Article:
Canada's CRE execs highly optimistic about 2021
Canadians involved in the real estate industry are significantly more optimistic about its 2021 prospects than their American counterparts, according to PwC real estate research director Andy Warren.
Warren said 83 per cent of Canadian respondents to the Emerging Trends in Real Estate report think 2021 will be a good to excellent year, compared to 55 per cent in the United States. He believes this is probably based on how well the two countries have handled the coronavirus pandemic. COVID-19 has definitely shifted attitudes, however, and Warren said the “reliance on ‘that’s the way we’ve always done it’ is changing.”
Warren gave an overview of the 42nd edition of the report, which included Canada for the 16th year, during an online forum held in collaboration with Urban Land Institute (ULI).
The PwC/ULI report provides an outlook on real estate investment and development trends, real estate finance and capital markets, property sectors, metropolitan areas, and other issues throughout the U.S. and Canada. More than 1,600 survey respondents and 1,350 interviewees contributed to the findings, including investors, fund managers, developers, property companies, lenders, brokers, advisors and consultants.
Companies are reimagining their portfolios and considering what strategies will succeed in this time of uncertainty.
Forty-four per cent of survey respondents feel comfortable making long-term strategic decisions in today’s environment, while 92 per cent agree some changes due to the pandemic will be permanent even after the development and distribution of an effective vaccine.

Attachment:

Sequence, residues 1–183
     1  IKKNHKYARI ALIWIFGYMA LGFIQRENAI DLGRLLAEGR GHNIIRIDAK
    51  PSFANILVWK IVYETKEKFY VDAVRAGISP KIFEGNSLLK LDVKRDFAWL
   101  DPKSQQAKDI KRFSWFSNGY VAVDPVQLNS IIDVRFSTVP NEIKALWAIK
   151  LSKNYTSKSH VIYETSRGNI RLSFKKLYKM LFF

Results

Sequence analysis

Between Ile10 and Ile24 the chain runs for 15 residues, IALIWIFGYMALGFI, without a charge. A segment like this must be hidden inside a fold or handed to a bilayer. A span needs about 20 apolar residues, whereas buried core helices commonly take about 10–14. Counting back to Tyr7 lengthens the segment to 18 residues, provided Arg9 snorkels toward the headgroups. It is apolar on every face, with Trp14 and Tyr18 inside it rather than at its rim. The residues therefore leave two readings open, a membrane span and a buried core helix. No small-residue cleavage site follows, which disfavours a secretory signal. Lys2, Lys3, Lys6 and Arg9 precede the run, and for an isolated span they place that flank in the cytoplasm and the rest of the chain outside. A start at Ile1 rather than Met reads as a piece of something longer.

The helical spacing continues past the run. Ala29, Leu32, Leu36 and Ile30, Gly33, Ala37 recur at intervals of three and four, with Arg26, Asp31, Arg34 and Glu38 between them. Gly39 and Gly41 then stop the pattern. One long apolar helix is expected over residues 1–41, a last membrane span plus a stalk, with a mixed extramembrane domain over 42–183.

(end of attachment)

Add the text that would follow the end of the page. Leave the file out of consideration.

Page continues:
Outlook for primary asset classes
The industrial asset class has been a strong performer and it’s touted to continue as the best bet for real estate investment in 2021. The sector benefits from expanding fulfillment and last-mile delivery sites due to the growth in e-commerce.
Global supply chains have been disrupted by the pandemic and Warren expects more production to occur closer to the final place of distribution, which should give industrial facilities a further boost.
“Multifamily is going to be there as long as we have affordability issues,” said Warren, citing a need for affordable housing for different groups of people in different locations.
Retail and hospitality were the real estate sectors people were most concerned about in the spring because they were hit hardest by COVID-19 shutdowns and restrictions. While some of those have been lifted, these sectors are still suffering.
The pandemic has accelerated retail restructuring. Retailer bankruptcies have accelerated during the COVID-19 crisis and store closures will shuffle shopping centre rent rolls.
Warren said successful retail will require incorporating the best assets of brick-and-mortar and online formats, and strong retailers will consolidate in the best locations.
The office sector is raising questions, partly attributable to health concerns and an increase in remote working. Medical office properties, however, are expected to remain attractive.